Britain’s Queen Elizabeth II who recently raised public outcry for stepping out of her constitutional limits and intervening in a high-profile extradition case, is now keeping a low profile in a scandal in which she has been directly involved.
Back in September, it emerged that the Queen privately lobbied a British Home Secretary in the former Labour administrations to arrest British Muslim cleric Abu Hamza.
At the time the BBC’s security correspondent Frank Gardner revealed the Queen confided to him that she had asked Labour ministers to deal with Abu Hamza, in effect breaking the constitutional principle of leaving the governing to the government.
“Actually, I can tell you that the Queen was pretty upset that there was no way to arrest him. She couldn’t understand – surely there had been some law that he had broken? In the end, sure enough, there was. He was eventually convicted and sentenced for seven years for soliciting murder and racial hatred,” Gardner told the BBC’s Today program.
The intervention raised outrage among the public and in the media as the Queen is considered by the British constitution to be no more than a representational figurehead who should act only on her ministers’ advice.
“However strongly she may feel about the matter, it is her constitutional duty to keep her mouth shut,” commented Alex Stevenson who is deputy editor of political news outlet Politics Home.
This comes as the Queen has kept silent about the recent child abuse scandal around former BBC star Jimmy Savile that is described as the worst crisis to hit the corporation in 50 years.
She has refused to comment on the subject despite the fact that the scandal is a moral issue of public interest and that she is directly involved in the matter: the BBC is run by 12 trustees appointed by the Queen in person while she granted Savile knighthood in 1990.
Indeed, Savile was knighted when his abuse was well underway and the Queen should have distanced herself and the royal family from the pedophile immediately after allegations of his pervert activities to ward off unwanted speculation.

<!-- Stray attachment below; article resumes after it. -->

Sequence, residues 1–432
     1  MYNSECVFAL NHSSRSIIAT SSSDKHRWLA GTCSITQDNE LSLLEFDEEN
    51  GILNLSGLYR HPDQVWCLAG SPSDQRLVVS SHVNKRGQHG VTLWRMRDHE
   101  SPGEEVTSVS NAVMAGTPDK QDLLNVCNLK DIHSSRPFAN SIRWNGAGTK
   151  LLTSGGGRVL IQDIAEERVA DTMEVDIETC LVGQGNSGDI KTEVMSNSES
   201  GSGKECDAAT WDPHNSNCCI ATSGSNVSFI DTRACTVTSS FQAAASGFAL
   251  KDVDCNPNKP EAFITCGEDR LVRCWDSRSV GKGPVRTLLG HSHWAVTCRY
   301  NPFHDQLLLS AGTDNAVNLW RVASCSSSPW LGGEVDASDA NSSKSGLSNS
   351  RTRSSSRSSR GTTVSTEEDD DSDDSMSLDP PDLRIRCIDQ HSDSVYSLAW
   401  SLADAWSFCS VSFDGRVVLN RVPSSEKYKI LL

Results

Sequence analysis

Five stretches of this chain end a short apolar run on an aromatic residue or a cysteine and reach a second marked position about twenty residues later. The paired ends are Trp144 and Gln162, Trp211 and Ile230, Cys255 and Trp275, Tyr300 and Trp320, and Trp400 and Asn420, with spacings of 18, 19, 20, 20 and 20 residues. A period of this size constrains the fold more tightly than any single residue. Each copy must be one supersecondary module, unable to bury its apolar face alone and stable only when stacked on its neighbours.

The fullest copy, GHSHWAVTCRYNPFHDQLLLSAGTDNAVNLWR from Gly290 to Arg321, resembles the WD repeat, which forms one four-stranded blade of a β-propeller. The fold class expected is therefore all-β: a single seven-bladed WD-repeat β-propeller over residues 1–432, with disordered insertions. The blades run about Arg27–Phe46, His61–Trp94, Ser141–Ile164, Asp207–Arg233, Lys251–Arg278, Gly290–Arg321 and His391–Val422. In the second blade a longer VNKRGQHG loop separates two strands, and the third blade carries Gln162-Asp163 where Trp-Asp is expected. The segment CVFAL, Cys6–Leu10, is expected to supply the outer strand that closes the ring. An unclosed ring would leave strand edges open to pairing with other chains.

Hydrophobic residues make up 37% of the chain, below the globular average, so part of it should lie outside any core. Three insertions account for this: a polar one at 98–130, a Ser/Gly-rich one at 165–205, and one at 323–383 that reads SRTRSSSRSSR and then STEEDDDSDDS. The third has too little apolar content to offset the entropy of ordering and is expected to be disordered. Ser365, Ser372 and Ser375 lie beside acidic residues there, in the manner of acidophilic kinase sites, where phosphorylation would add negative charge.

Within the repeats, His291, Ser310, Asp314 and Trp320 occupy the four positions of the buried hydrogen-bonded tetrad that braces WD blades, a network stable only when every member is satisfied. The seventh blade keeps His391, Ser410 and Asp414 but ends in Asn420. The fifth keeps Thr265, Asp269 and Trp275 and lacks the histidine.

However, there has been no comment by the Queen herself, her office or the royal family as if she knew of the Savile’s scandalous behaviour and decided to decorate him regardless.
As for the BBC, it runs under a Royal Charter, the present one having come into force in 2007 and running until the end of 2016.
The corporation is also ruled and supervised by the BBC Trust, which is a board of 21 trustees directly appointed by the Queen to set “the strategic objectives of the BBC” and chooses the broadcaster’s director general who heads its Executive Board in charge of its services and output.
The magnitude of the Savile scandal and the unfolding drama including comments by Tom Watson MP who openly suggested in parliament that there may be a pedophile ring going right to the British Prime Minister’s office at No 10 Downing Street raise more questions.
Is the Queen aware of the true scale of the scandal that is currently unknown to much of the public and even investigators and wants to keep herself out of any inquiries?
Or probably she is keeping a low profile to evade responsibility for knighting a former employee of an organization where its sovereign body members she directly appointed.
What is clear is that her silence remains problematic and begs more questions still less answers.
Savile receives his knighthood in 1996.
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